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Jim Thompson Back As Scottsdale’s City Manager Comments Off on Jim Thompson Back As Scottsdale’s City Manager

Scottsdale City Manager Jim Thompson will continue on as an official city employee again as of Oct. 14.

The city council came out of executive session during its Oct. 10 special meeting and unanimously appointed Thompson to the job with no discussion on the issue. Thompson, who has been filling the role on a contractual basis for the last year at an annual rate of $347,000, will return to his previous salary of $375,000 per year when he steps back into the role as an official city employee.

That salary makes Thompson the highest paid municipal employee in the Valley.

According to various council members, the city did not post the job anywhere, did not look for another candidate and didn’t interview anyone but Thompson for the position.

Councilman Barry Graham called for “a fair, open and transparent process,” when the council voted to begin a search for Thompson’s replacement on June 20.

He said Oct. 11 he feels the process met that standard “because we communicated every step of the process.”

Graham said on Oct. 6 he had not made up his mind on how to vote on Thompson’s reappointment but that was cleared up in the executive session.

“I try not to decide absolutely before the vote but he sent the council his performance markers on what he accomplished and what he plans to do,” Graham said. “We got together in executive session and discussed all of that and I made up my mind to join my colleagues.”

Councilwoman Betty Janik said she believes it was a fair process and doubts there would have been many candidates for the position, even if the city had posted it.

“I talked to Monica (Boyd) who’s in charge of our human resources … on the national listing, there are 30 openings for city manager. It’s been that way for a while. There’s simply not that much interest in that job,” Janik said Oct. 11.

“While I know Jim gets a very good salary, if you were to hire someone else on, you wouldn’t bring him in at that salary so I think under the circumstances it was a realistic way to go, if that makes sense. You always have to consider the downside when you start doing all this, recruiting would have been very expensive, and to me I don’t believe we would have been able to get many people who would have met our qualifications, based on the situation.”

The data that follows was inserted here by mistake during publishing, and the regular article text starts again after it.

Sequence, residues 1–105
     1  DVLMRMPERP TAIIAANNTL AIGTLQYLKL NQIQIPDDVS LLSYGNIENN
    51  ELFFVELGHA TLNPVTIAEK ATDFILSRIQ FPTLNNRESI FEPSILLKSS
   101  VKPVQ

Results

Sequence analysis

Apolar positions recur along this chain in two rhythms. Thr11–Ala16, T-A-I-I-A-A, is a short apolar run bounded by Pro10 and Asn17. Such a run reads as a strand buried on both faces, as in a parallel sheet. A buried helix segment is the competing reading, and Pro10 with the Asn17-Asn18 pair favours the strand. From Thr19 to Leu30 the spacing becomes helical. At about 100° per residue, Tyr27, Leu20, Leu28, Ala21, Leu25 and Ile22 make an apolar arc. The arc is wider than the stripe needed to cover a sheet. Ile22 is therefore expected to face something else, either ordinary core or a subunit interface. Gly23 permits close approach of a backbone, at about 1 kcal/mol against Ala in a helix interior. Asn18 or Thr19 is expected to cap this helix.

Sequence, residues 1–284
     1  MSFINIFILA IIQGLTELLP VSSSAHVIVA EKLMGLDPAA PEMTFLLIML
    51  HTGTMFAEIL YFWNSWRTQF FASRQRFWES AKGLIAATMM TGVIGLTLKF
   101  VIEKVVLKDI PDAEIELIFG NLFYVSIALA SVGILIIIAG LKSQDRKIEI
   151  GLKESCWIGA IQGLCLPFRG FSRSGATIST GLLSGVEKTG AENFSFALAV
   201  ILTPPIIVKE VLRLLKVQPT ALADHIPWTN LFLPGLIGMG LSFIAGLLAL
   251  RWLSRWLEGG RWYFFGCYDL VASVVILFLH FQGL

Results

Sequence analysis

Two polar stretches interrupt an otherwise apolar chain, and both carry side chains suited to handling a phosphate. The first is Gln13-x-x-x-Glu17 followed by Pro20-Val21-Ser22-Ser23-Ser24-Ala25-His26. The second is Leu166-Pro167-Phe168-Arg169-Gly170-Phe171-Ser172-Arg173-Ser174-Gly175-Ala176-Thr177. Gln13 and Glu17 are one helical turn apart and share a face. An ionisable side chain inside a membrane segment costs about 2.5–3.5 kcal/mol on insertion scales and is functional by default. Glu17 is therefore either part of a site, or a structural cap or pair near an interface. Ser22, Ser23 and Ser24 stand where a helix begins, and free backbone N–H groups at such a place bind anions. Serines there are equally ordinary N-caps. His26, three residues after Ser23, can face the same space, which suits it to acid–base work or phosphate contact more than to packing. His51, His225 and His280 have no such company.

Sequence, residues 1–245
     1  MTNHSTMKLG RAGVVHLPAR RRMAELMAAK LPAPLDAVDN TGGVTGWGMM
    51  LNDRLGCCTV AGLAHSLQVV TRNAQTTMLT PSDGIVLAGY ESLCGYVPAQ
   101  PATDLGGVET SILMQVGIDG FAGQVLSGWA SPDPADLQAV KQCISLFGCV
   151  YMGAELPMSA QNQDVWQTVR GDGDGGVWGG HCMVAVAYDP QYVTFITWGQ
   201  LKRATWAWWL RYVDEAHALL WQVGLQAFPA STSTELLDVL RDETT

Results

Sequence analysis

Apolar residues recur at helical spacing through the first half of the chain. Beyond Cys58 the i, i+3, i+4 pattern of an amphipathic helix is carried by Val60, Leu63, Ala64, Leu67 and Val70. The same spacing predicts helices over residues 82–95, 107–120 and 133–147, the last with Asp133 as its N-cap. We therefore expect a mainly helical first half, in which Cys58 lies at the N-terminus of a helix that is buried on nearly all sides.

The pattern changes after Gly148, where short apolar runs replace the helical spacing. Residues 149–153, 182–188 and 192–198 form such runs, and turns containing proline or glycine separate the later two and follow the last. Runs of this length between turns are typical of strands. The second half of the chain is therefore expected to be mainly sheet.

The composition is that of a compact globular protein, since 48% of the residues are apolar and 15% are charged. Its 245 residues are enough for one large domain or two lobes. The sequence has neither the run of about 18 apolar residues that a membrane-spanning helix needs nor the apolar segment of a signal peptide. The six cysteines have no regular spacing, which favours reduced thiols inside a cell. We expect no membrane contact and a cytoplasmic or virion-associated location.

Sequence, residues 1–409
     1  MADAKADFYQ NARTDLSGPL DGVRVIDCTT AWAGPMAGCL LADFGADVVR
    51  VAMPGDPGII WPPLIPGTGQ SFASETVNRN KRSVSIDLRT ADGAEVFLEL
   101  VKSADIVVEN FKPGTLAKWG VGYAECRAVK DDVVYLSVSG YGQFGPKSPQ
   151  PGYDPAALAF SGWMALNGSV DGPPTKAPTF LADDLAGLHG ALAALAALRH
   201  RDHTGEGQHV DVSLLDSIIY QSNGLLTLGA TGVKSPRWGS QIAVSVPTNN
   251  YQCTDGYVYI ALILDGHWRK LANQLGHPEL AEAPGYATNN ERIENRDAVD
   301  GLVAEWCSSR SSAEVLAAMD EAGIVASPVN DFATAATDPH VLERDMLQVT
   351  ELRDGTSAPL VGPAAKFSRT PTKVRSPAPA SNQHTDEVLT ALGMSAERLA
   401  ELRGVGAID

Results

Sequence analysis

The city manager’s position is a charter office, meaning it was created by the city charter and it is answerable only to the council, which also votes to fill the position.

Thompson has 35 years in public administration and has held the position of Scottsdale city manager since 2017.

Thompson formally retired from his position as city manager last October, largely because of Arizona State Retirement System rules, and picked up where he left off as a contractor several days later. His current contract ends Oct. 13.

“I appreciate the City Council’s support and leadership in allowing me to continue as Scottsdale’s city manager,” Thompson said in a written statement. “Being part of this community and this organization is something I enjoy immensely, and I look forward to many more years in Scottsdale.”

He also sent out a  city-wide email Sept. 29 in which he predicted being reappointed.

“Many of you recall that about one year ago, I officially ‘retired’ and was rehired on a contract basis by the city council. It was an action that worked best for my personal circumstances, and I appreciate the city council’s support in doing it.

“With a year now gone, I can drop the contract status and come back as a regular city employee — and I am grateful that the city council will consider doing that very thing at their Oct. 10 meeting.”

Original article can be found here.

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